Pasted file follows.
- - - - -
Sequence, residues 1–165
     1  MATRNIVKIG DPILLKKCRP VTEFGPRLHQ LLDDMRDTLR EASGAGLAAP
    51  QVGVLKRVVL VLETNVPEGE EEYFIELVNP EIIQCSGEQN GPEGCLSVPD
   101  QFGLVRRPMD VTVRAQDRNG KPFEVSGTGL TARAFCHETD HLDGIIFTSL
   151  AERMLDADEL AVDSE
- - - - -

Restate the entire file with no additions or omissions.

Sequence, residues 1–165
     1  MATRNIVKIG DPILLKKCRP VTEFGPRLHQ LLDDMRDTLR EASGAGLAAP
    51  QVGVLKRVVL VLETNVPEGE EEYFIELVNP EIIQCSGEQN GPEGCLSVPD
   101  QFGLVRRPMD VTVRAQDRNG KPFEVSGTGL TARAFCHETD HLDGIIFTSL
   151  AERMLDADEL AVDSE